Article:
The program was both a critical and ratings success, and by popular demand, it was rebroadcast for 23 consecutive years, beginning in 1967. However by 1969, it was already apparent that the original 16 mm film was quickly deteriorating from wear and needed to be re-filmed (in addition, the original loop was only 17 seconds long, resulting in a visibly jerky and artificial appearance). Station producer William Cooper, a future recipient of a Peabody Award, again asked to film the loop at Gracie Mansion; however, the mayor's office refused permission. So in 1970, WPIX found a fireplace with similar andirons at a residence in California and filmed a burning log on 35 mm film there on a hot August day. This version's loop is approximately six minutes and three seconds.[1]

Cancellation and revival[edit]

From 1974 to 1989, a special message by Richard N. Hughes, then the vice president and general manager of WPIX-TV, usually preceded the program – which was broadcast every Christmas Eve or Christmas Day, and sometimes both. The cost of broadcasting the program without commercial interruption prompted Michael Eigner, who had been appointed as the station's new general manager upon Hughes' retirement, to cancel it in 1990; incidentally that year, director Whit Stillman included a scene of a New Yorker viewing the Log in his movie Metropolitan. Despite being flooded with hundreds of letters protesting the move, WPIX did not broadcast the program. Beginning in 1997, WPIX offered various versions of The Yule Log on the Internet.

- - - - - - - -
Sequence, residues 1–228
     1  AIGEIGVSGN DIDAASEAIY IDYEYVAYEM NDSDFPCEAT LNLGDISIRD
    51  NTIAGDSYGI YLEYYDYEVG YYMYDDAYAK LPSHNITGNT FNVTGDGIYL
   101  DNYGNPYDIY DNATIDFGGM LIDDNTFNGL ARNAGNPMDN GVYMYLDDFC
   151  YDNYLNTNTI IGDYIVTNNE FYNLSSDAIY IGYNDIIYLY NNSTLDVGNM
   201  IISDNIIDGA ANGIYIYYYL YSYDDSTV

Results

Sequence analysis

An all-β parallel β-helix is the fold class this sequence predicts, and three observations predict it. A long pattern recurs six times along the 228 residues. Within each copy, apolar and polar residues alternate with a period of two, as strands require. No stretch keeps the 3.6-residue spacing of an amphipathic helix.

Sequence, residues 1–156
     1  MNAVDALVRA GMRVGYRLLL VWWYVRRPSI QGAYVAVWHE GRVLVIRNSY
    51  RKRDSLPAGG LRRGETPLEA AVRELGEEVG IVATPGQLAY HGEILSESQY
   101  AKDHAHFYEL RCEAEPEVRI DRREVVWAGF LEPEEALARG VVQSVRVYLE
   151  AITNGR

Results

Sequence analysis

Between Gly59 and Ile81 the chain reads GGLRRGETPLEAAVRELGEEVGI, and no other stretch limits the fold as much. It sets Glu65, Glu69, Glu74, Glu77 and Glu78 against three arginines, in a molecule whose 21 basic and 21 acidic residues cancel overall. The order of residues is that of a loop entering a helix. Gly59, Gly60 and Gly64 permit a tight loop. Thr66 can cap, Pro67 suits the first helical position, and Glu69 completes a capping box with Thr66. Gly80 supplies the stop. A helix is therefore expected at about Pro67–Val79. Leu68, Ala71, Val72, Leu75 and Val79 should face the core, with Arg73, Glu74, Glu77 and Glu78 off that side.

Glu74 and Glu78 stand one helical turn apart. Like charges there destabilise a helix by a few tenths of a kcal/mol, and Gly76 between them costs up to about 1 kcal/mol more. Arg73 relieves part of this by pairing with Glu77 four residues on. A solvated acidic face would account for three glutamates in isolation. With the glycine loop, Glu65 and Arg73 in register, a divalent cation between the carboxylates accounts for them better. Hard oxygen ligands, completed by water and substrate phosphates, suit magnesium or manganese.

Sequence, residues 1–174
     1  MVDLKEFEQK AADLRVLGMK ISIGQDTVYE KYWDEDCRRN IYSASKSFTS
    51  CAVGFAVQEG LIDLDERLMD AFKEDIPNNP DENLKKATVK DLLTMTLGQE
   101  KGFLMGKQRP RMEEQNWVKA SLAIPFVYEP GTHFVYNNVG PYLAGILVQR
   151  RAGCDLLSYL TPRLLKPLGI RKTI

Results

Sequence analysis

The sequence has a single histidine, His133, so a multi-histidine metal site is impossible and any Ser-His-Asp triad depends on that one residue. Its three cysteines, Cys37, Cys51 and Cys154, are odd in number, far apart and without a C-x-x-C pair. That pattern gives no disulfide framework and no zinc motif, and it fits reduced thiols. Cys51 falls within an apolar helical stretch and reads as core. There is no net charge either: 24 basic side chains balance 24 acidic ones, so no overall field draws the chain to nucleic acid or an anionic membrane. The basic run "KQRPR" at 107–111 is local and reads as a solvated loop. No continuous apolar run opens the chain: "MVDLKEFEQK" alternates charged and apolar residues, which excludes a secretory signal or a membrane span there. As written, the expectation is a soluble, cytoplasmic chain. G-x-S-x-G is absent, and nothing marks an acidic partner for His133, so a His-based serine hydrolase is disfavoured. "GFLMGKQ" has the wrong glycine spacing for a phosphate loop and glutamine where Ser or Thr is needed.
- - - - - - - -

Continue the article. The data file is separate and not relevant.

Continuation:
In March 2000, Totowa, New Jersey resident Joseph Malzone, a longtime fan of The Yule Log, created a website named "Bring Back The Log" (now named TheYuleLog.com, and administered by Lawrence F. "Chip" Arcuri), petitioning station management to bring back The Yule Log broadcast. In December 2001, WPIX vice president/general manager Betty Ellen Berlamino announced during an appearance on local radio station WPLJ that the special would return to the television station after an eleven-year absence. Berlamino explained that people wanted "comfort food TV" in the aftermath of the September 11 terrorist attacks on the World Trade Center. The digitally restored program was the most-watched television program in the New York metropolitan area on Christmas Day that year and it has continued to be broadcast annually ever since as a result.